Vail outlasts Aspen, wins fourth straight | AspenTimes.com

Vail outlasts Aspen, wins fourth straight

Ian CroppVail correspondent

Aspens Stephen Buzbee battles through traffic Tuesday at Vail Mountain School. (Bret Hartman/Vail Daily)

A post is almost always a goalie’s best friend in soccer. A defender, however, can be a goalie’s best friend, or persona non grata, depending on how the ball bounces.On Tuesday, Vail Mountain School goalie Jordy Coffey got by with a little help from his friends in a 2-1 victory over Aspen in East Vail. Gore Rangers Bobby Le Gaye, David DeLine and Chris Woods sacrificed their bodies to make saves that left Aspen incredulous.”That was brutal. I got hit everywhere,” Woods said. “I knew where the ball was going, so I stepped in front of the shot.”As much as it may have hurt, the ball went where Vail Mountain needed it to go most of the game.”We definitely had some luck going with us today, especially in the second half,” said Vail Mountain coach Bob Bandoni.For Aspen, the culmination of bad bounces came in overtime.After Vail Mountain’s Max Avery weaved around Aspen defenders, he touched the ball to Tucker Shelden in the Aspen box. Shelden ripped a shot that deflected off an Aspen defender and bounced past Aspen goalie Fred Bernard.”The bounce fell for [Vail Mountain] and they capitalized on it,” said Aspen coach Grant Sutherland.

Lightning fastOnly five minutes into the game, the score was knotted at one. Aspen struck first on a defensive mistake by Vail Mountain.The Skiers’ Stephen Buzbee intercepted a pass deep in the Gore Rangers’ zone, then passed to Eric Sciarrone who slammed the ball into the net.A few minutes later, Vail Mountain’s Blake Armstrong placed a perfect through ball to Jackson Higgins. Higgins met the ball, dribbled it once, and pounded it home to tie the game.For the rest of the half, Vail Mountain used ball control to create opportunities.”I thought we really managed the game through the midfield,” Bandoni said. “But the momentum switched in the second half.”Before the first half ended, lightning strikes, rain and hail caused a 20-minute delay. The final two minutes of the first half were played out after the delay, and then the teams switched side for the second half.BootingIn the second half, both teams used a more aerial attack.

“It looked like we were in England 20 years ago,” Bandoni said. “The ball was being fired from backs to backs with strikers trying to get underneath them. I thought the whole midfield, especially ours, collapsed.”Aspen’s long passes led to many scoring chances, but Coffey and the Vail Mountain defense were up to the task. Coffey, and his defenders finished with 11 saves.”Our goalie played as a sweeper, and was very comfortable playing in the box, and outside the box, and we knew we were going to have to manage the final third of the field,” Bandoni said.Vail Mountain didn’t have to worry much about the middle of the field.”They really didn’t have a midfield, so they would play the ball to their forwards, over our heads,” DeLine said.The pressure exerted by Aspen forwards Buzbee and Jesus Meza took its toll on the Gore Rangers defense, and led to a melee in front of Coffey in the dwindling minutes of the second half.A high ball sailed into the box, and Coffey saved the ball but collided with an Aspen player. With Coffey on the ground, Vail Mountain defenders standing only feet outside the goal line blocked two shots, preserving the tie.”It was crazy in the box. Bodies were flying everywhere,” said DeLine. “We were still pumped up from that play, and came out strong in overtime.”Tricky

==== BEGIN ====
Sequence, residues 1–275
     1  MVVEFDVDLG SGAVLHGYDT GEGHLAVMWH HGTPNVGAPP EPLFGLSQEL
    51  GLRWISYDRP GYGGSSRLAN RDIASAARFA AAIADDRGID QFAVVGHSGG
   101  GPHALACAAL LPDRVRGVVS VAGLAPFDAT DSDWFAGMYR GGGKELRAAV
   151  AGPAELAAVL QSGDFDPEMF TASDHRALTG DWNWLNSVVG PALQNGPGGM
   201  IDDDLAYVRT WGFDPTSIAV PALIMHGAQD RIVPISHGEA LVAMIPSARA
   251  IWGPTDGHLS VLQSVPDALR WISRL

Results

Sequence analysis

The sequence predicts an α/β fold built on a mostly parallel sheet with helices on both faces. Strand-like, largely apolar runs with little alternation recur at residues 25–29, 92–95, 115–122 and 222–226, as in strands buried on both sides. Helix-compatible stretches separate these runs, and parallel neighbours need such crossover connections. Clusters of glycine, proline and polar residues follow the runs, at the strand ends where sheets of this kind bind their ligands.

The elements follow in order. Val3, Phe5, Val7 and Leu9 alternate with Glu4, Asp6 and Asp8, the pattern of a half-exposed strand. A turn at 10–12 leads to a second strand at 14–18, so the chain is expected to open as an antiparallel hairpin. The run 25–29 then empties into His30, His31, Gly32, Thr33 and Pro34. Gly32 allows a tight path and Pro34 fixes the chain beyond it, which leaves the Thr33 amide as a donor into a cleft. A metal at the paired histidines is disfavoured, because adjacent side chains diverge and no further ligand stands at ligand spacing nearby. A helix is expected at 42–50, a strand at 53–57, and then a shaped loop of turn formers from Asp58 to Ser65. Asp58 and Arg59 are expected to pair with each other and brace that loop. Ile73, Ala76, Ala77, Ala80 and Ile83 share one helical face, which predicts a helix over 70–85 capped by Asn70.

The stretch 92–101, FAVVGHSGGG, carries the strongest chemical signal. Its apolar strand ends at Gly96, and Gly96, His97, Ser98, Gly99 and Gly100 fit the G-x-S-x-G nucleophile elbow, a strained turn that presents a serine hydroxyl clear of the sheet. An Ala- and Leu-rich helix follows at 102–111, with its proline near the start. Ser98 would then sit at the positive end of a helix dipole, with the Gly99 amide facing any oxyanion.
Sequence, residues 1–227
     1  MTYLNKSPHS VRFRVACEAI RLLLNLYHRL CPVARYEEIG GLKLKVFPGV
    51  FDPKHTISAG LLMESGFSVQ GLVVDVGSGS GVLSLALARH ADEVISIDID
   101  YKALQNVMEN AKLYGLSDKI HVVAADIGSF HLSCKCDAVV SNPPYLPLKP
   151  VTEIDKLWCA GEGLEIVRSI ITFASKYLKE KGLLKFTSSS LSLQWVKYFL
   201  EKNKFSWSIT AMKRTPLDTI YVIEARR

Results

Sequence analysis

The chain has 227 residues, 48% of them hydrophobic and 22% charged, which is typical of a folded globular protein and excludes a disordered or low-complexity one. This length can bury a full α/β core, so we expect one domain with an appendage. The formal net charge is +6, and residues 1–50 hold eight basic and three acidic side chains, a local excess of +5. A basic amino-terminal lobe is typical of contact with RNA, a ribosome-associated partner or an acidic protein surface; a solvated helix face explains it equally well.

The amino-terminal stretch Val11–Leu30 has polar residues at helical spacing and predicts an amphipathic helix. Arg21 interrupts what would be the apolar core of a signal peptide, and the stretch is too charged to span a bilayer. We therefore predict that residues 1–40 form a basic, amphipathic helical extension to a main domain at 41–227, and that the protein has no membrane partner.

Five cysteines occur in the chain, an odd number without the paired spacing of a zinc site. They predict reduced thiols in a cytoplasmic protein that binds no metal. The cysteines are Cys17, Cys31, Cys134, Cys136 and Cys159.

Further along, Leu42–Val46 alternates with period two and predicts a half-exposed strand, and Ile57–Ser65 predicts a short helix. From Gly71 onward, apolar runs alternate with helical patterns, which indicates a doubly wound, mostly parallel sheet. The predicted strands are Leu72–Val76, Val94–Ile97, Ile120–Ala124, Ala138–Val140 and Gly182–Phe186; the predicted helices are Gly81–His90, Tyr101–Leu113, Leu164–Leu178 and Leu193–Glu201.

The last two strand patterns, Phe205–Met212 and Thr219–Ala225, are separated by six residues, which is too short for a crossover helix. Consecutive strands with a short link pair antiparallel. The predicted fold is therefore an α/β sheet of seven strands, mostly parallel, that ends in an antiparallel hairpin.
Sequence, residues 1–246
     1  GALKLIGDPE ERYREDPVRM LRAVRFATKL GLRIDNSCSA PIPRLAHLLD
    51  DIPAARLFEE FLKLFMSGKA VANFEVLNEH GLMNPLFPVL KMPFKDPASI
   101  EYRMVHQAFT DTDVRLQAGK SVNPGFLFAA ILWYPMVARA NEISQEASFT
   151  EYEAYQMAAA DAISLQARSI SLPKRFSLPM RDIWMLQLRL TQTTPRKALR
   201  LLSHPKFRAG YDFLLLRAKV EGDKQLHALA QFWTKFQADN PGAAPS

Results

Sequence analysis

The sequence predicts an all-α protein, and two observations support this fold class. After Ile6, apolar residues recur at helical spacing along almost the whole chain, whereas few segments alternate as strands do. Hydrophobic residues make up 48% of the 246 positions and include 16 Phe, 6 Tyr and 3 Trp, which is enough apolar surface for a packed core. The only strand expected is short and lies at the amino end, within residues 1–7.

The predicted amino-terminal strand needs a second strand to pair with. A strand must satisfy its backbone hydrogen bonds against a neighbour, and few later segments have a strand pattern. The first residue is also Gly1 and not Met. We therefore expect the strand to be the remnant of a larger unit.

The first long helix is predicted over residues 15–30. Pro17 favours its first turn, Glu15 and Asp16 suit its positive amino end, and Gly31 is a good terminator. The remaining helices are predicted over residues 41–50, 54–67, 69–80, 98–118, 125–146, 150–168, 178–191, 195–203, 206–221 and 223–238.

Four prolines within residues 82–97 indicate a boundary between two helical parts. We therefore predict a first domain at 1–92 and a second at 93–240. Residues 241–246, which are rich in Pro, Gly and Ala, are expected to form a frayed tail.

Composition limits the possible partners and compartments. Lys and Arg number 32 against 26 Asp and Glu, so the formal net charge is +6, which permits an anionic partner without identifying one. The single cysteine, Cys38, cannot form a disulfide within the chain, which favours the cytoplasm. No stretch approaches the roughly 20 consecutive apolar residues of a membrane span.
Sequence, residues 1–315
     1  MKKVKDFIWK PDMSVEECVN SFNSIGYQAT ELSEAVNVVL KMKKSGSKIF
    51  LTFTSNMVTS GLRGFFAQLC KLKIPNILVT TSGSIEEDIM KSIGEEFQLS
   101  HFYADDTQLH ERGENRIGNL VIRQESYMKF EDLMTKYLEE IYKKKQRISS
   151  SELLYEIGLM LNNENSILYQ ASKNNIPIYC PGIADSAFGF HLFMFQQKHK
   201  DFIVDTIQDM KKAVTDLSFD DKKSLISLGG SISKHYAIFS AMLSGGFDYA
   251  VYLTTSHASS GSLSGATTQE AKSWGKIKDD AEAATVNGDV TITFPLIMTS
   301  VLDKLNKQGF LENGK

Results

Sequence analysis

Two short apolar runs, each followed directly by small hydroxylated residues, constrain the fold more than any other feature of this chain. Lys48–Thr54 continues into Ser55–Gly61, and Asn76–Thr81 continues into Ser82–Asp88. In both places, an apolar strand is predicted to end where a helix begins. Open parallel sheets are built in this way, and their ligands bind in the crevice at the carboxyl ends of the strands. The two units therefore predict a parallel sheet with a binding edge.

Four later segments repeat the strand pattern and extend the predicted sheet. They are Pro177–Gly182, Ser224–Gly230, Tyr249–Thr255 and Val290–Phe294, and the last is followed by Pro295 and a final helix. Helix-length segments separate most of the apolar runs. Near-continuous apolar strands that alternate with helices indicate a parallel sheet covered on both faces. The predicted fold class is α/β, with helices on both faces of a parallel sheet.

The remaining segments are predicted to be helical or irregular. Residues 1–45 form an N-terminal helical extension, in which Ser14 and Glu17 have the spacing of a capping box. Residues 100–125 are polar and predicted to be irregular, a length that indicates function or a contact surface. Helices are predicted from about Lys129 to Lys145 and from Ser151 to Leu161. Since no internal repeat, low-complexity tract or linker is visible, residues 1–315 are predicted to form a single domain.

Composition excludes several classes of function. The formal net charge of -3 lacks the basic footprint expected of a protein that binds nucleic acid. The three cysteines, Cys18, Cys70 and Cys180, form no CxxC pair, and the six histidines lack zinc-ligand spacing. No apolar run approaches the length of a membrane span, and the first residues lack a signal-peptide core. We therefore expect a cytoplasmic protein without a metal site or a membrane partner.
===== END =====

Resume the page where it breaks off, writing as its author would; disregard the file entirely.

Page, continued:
The Skiers had some trouble with the turf at Vail Mountain School.”It’s tough coming and playing on this field,” Sutherland said. “You only get here 45 minutes before the game, and you can practice on it then.”Sutherland is excited to play the Gore Rangers on the Skiers’ home field in two weeks. But Bandoni knows the ball bounces both ways on any field.”The grass will surely hold balls up, but it will hold balls up they don’t,” Bandoni said.One thing that won’t change is Aspen’s well-designed back-line play, which caused Vail Mountain to be whistled for offsides many times.”They play a very high line and they also step. I thought they were quite effective in not only holding the high line but pulling the trap,” Bandoni said.Vail Mountain faces Roaring Fork Thursday at 4 p.m., on the road.Sports Writer Ian Cropp can be reached at icropp@vaildaily.com